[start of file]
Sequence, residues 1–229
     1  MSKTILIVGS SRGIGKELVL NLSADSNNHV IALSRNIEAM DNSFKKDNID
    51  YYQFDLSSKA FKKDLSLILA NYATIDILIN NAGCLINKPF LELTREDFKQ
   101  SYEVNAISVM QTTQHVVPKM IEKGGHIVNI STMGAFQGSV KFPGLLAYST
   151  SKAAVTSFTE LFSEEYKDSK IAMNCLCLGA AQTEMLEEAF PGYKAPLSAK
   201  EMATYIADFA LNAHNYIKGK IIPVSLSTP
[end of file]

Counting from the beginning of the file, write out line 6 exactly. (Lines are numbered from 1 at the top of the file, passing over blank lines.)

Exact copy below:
   201  EMATYIADFA LNAHNYIKGK IIPVSLSTP